If you are found to be at-fault then the court may hold you liable for all of these damages. Your auto policy may pay for only part of the total damages awarded by the court. You may have to pay the rest if you do not have umbrella insurance. But if you have umbrella insurance, then it can pay the rest of the outstanding damages up to the coverage limit specified.
As you can imagine, paying for extremely high damage amounts can be a nightmare. Umbrella insurance can help save you from this terrible scenario if the court finds you responsible for damages incurred thus.
Due to this reason, umbrella insurance is a powerful financial protection mechanism. It can prevent your assets from being wiped out overnight due to an unfortunate incident that transpired due to just one moment of distraction.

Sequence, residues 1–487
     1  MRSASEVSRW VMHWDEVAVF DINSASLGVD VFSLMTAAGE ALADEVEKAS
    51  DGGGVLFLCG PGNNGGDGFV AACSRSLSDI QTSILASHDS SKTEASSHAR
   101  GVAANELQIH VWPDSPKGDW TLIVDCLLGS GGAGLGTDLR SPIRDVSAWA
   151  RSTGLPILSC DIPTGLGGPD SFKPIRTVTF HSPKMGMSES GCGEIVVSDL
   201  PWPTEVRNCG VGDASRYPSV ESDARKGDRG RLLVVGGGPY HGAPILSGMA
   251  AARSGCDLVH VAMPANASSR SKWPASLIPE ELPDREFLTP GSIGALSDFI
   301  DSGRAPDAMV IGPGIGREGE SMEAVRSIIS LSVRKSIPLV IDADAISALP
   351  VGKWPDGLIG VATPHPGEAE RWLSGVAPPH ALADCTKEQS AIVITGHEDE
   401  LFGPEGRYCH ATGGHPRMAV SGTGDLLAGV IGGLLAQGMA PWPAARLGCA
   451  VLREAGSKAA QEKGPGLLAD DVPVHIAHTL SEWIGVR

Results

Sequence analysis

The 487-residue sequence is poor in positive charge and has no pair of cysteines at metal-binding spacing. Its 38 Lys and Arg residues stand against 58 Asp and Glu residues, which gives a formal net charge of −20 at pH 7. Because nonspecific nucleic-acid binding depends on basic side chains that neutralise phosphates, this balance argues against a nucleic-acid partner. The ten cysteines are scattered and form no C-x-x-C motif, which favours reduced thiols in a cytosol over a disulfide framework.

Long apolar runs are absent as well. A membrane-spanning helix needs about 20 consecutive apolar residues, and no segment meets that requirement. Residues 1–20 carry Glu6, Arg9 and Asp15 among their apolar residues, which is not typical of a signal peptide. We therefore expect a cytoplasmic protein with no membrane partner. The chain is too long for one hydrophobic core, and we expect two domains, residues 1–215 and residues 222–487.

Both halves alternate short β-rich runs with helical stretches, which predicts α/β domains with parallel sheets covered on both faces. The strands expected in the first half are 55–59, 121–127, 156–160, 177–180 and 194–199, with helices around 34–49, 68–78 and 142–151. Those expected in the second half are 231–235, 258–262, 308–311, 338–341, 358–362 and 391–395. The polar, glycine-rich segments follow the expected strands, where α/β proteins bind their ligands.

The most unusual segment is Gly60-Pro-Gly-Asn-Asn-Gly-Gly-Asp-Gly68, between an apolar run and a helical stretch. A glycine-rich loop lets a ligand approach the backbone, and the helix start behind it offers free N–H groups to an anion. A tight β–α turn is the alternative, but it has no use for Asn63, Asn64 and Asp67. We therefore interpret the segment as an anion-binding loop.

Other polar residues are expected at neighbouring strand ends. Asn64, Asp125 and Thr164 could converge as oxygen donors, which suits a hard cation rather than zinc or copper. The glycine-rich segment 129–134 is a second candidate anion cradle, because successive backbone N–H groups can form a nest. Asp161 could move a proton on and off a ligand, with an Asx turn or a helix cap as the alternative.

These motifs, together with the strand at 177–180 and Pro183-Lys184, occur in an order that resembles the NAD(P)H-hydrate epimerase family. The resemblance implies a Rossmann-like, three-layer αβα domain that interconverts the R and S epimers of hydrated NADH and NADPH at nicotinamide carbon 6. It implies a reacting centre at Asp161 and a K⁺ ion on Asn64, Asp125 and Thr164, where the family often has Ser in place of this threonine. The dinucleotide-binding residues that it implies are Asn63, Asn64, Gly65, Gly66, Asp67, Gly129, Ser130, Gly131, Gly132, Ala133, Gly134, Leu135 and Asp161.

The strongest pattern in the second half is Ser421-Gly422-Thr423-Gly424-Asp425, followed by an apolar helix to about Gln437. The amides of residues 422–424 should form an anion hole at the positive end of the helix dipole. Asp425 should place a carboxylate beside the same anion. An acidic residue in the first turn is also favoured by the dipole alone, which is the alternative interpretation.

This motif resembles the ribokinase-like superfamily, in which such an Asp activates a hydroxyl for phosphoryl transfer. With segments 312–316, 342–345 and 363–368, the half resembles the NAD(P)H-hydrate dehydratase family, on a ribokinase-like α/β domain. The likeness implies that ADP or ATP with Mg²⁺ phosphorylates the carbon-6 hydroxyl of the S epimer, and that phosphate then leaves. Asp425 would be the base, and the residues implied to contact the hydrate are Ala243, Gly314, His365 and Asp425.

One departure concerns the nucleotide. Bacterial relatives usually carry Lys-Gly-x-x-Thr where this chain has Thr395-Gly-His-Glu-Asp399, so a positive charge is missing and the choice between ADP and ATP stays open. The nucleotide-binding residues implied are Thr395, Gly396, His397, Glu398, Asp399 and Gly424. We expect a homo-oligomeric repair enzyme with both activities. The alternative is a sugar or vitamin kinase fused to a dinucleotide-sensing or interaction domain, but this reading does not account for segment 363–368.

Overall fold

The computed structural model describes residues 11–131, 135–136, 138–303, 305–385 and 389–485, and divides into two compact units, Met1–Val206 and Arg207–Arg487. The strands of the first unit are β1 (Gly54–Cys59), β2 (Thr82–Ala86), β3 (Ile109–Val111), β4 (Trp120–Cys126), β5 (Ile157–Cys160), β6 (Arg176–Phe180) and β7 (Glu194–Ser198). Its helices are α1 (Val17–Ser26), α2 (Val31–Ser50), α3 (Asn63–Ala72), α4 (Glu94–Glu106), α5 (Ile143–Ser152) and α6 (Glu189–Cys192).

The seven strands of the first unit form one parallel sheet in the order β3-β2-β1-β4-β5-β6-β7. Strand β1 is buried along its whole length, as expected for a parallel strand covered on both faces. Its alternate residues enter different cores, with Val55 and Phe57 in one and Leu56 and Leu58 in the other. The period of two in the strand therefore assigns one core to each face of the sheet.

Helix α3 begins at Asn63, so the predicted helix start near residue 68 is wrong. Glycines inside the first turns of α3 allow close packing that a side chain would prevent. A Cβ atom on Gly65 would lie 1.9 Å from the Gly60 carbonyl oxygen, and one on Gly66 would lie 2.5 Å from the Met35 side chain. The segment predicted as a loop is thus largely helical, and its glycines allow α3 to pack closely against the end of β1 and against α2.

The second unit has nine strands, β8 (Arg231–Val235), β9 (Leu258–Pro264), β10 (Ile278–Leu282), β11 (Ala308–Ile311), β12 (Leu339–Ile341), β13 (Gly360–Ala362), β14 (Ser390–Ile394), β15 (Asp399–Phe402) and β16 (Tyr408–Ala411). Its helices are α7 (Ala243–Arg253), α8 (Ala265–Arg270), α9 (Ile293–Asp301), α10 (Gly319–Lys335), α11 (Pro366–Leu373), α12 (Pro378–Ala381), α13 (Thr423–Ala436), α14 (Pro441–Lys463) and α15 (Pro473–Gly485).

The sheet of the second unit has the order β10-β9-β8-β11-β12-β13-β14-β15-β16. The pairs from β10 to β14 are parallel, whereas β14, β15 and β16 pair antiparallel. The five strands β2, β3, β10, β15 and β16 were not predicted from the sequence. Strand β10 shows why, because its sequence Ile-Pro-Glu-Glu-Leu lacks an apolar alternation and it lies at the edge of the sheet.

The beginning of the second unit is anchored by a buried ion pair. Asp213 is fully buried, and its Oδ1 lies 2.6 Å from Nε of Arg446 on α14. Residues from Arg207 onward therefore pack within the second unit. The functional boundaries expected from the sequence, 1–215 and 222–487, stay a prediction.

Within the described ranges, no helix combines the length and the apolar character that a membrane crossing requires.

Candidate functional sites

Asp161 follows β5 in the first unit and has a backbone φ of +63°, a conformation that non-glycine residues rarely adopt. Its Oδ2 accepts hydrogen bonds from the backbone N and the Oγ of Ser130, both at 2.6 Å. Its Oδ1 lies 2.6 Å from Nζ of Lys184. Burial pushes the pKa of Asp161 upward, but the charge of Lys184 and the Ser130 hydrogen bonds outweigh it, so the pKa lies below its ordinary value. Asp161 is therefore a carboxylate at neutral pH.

The beauty of umbrella insurance is that it covers other members of your household or family besides you.
An important caveat to bear in mind is that umbrella insurance will not pay for damage to your property. Financial benefits are paid out to others who have suffered injuries and property damage due to their actions.
The prime benefit of umbrella insurance is that it costs far less than other insurance types and yet provides the highest benefits.
Under umbrella insurance, you can also get coverage for other types of liability claims that auto insurance and other underlying insurance policies do not cover. This includes false imprisonment, slander, and libel.
The umbrella insurance policy even provides benefits for rental property. Umbrella insurance will pay for amounts beyond what your renter insurance policy covers.
Umbrella Insurance Protection
Umbrella insurance can extend financial protection in cases where homeowner insurance, auto insurance, and other insurance plans fall short.
Here are some of those situations.